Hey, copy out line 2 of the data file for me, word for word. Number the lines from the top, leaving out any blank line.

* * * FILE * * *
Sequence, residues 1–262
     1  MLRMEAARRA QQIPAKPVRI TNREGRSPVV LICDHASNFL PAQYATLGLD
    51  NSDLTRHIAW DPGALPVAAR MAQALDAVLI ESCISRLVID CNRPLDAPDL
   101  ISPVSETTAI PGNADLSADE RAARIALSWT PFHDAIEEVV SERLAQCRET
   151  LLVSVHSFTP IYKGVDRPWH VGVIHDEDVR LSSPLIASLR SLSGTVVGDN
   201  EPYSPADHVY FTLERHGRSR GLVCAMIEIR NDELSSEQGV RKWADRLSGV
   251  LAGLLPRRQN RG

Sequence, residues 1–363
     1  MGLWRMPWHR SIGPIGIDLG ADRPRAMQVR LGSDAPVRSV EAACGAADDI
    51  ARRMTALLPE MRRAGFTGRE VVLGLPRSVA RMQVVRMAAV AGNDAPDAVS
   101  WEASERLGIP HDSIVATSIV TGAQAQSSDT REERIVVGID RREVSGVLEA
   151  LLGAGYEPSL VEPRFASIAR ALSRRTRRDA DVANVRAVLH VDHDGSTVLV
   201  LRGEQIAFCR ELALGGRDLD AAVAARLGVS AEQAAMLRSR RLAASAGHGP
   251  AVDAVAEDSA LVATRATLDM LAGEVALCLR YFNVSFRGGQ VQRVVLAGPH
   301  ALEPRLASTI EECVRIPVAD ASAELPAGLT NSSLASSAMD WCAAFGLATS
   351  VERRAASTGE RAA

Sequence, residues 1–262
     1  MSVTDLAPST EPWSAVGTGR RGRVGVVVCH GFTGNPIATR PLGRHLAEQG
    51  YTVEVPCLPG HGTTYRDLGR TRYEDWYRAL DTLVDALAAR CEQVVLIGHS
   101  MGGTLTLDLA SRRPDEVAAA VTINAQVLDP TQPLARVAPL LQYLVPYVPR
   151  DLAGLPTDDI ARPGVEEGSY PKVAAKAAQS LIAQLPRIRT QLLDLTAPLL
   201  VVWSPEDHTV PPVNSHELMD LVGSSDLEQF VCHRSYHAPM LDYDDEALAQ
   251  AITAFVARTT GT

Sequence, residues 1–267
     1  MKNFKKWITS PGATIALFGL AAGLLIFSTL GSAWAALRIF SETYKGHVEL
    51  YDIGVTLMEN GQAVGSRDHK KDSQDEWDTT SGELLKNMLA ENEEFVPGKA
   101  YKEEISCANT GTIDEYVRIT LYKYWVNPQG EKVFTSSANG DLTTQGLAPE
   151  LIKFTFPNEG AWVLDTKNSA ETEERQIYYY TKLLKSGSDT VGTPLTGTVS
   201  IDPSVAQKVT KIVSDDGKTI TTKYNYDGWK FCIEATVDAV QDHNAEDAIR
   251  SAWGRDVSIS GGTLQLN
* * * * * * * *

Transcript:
     1  MLRMEAARRA QQIPAKPVRI TNREGRSPVV LICDHASNFL PAQYATLGLD